Arts, Culture & Media

It's easier to get people to stop speaking a language than to take it up again. Just ask the Irish.

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Linguist Jaye Padgett wearing the head frame used to stabilize an ultrasound camera. Padgett and colleagues at UC-Santa Cruz and University College Dublin are documenting Irish consonant formation. 

Credit:

Doug McKnight

The Irish language, like its people, has suffered greatly.

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It has been used and abused by many: British colonialists, by the Catholic Church, and by Irish revolutionaries. The first two discouraged its use, associating it with poverty and primitive wildness. The latter co-opted the language as its primary symbol of nationhood and struggle against oppression. 

When Ireland finally gained a degree of independence in 1922, its government brought Irish back into the schoolrooms. 

This podcast episode talks to three people who studied Irish in the years since independence: Patrick's father who was taught Irish "by the nuns" in the 1930s and 40s; linguist Jim McCloskey, who fell in love with the language in the 1970s when he went on language summer schools in Ireland's Irish-speaking regions; and Iarla O'Halloran, who spoke Irish at home, then forgot much of it at school, only to pick it up again in the less formal settings of pubs and clubs of his college years.

"I was surprised by how much of it was actually stored within me, how much of came out when I wasn't nervous to speak it," says O'Halloran.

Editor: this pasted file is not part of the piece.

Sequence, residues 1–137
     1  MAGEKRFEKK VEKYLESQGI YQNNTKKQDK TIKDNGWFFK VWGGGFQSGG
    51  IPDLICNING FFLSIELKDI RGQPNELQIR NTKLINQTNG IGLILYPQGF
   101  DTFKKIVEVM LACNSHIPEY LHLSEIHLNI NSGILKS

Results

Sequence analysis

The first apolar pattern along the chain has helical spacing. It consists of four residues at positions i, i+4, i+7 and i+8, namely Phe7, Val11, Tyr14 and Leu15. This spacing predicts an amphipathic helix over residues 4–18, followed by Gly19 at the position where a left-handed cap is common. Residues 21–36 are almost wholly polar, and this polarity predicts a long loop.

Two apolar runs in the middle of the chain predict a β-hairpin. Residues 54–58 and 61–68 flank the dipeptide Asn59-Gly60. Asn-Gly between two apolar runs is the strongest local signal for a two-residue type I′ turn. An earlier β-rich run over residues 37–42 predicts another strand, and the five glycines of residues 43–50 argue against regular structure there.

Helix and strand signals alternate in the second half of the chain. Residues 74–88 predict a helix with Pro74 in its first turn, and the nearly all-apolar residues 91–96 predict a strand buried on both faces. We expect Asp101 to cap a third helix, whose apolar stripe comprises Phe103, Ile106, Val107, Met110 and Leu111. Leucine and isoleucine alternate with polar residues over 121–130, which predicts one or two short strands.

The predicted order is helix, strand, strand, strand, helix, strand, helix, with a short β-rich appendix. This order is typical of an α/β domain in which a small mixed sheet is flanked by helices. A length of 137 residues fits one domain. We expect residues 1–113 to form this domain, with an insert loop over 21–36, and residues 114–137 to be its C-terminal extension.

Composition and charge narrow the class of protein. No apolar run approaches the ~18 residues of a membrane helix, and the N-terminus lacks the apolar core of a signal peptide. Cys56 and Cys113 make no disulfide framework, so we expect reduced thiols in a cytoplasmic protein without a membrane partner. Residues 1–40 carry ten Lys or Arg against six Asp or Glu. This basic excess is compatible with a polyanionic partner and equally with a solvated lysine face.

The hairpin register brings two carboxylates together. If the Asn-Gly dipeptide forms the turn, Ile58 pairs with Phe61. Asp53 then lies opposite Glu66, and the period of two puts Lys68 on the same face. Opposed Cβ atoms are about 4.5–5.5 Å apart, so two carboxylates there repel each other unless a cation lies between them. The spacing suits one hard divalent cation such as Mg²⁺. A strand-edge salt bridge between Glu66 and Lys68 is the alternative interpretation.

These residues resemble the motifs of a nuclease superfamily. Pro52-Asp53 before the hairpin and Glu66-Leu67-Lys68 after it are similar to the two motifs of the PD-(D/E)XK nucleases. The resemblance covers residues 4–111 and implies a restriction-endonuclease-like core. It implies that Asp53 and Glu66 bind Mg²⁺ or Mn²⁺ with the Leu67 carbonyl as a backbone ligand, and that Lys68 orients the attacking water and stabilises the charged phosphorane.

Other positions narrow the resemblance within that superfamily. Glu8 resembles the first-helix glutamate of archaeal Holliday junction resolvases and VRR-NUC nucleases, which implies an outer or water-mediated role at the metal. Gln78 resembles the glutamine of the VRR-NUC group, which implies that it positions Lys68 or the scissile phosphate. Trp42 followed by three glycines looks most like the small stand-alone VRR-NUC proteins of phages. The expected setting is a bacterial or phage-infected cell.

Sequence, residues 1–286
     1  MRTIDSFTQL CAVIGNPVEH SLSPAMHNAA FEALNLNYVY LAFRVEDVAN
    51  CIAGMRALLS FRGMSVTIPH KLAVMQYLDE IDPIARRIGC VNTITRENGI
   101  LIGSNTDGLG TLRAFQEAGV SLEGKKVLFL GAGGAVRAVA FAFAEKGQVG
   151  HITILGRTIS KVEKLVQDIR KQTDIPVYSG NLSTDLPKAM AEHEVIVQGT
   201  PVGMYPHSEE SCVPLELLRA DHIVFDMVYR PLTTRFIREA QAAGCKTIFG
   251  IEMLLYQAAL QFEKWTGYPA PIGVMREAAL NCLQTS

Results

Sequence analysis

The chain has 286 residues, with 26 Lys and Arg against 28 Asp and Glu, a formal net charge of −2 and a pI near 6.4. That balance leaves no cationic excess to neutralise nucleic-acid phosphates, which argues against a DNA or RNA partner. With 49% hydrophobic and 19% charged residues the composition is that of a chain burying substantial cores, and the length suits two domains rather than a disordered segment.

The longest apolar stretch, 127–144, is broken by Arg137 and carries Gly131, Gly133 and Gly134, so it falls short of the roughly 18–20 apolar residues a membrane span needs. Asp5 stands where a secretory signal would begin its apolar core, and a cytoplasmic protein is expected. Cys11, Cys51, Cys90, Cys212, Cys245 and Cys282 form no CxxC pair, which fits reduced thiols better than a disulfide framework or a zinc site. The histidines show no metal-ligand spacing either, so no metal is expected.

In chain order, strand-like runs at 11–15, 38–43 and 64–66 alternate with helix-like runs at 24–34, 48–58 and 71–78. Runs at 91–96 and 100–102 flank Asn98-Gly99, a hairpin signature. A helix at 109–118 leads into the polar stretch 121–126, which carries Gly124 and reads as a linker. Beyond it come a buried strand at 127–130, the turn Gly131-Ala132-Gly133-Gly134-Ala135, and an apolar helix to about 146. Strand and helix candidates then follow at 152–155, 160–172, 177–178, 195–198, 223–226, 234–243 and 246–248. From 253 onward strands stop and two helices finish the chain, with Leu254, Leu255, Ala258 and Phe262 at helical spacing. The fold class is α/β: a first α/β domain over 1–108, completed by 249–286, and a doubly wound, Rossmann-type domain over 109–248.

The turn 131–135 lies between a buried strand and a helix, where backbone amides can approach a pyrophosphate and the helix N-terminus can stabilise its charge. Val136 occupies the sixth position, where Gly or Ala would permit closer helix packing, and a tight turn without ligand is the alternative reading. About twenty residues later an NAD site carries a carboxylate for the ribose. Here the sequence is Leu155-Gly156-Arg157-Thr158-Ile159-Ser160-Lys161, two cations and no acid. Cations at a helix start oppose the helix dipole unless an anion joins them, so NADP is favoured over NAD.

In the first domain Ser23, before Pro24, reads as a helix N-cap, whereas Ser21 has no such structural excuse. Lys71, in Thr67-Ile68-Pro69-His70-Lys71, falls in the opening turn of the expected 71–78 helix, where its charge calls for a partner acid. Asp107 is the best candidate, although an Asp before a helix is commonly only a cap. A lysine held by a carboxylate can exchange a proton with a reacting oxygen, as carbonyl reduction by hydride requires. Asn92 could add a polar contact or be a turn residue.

An Irish nationalist poster from 1913.

Credit:

Wikimedia Commons

"There were expressions that I picked up [from Irish speakers] that I found hilarious. They'll all sexual ... .Just hearing how the lads from Connemara, when they would see a good-looking woman on the street, how they would describe it. ... It was hearing laddish banter that made me realize that the language could be a bit more than I thought it was."

We also hear from a research project at UC-Santa Cruz that is documenting Irish pronunciation with the help of ultrasound imagery. 

Podcast Contents 

0:10 My father learned Irish in a new nation.

1:42 "There was an enormous psychological resistance to learning the language"

2:20  The beginnings of Irish.

4:10 The crucial initial moment in the decline of Irish.

5:20 How the Catholic Church helped the colonial government drive the language to the fringes of society.

Galt Barber playing his fiddle at home in Santa Cruz, California. 

Credit:

Doug McKnight

6:30 "A generation has to come to believe that their language is a burden."

8:10 The Gaelic revival.

9:50 Jim McCloskey summers in a Gaeltacht, an Irish-speaking region. 

13:10 Iarla O'Halloran grew up initially speaking Irish. 

14:35 "There was an ideological aspect" to the Irish language curriculum in schools.  

16:30 Iarla discovers idiomatic, scatalogical Irish. (Irish has a ton of wonderful expressions.)  

17:45 The support of the diaspora.

18:05 An American family of distant Irish ancestry speaks Irish at home. 

19:00 Jaye Padgett explains the consonant pronunciation project that he's working on with colleagues at UC-Santa Cruz and University College, Dublin.

Listen to Doug McKnight's report on Padgett's research here:

21:50 Language purists message to the new urban Irish: don't mess with the language.

22:50 A new perspective: the role of Irish in the global context of the loss of linguistic diversity.

27:10 Patrick's father's regrets.

Music heard in the podcast

0:00 "Dramamine" by Podington Bear

6:00 "Interference" by Hugo Paquette

11:05 "Coinleach Glas an Fhómhair" by Róisín Elsafty

14:52 "The Mussels" by Osvaldo Cibils

20:42 "Calm" by Alexander Boyes

24:00 Stiofán Ó Fearaíl sings an Irish language version of the Aviici song, "Wake Me Up" The video features students at the Coláiste Lurga in Indreabhán, County Galway.

A big thanks to Jim McCloskey and Doug McKnight for their help with this podcast

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National Endowment for the Humanities

With support from the National Endowment for the Humanities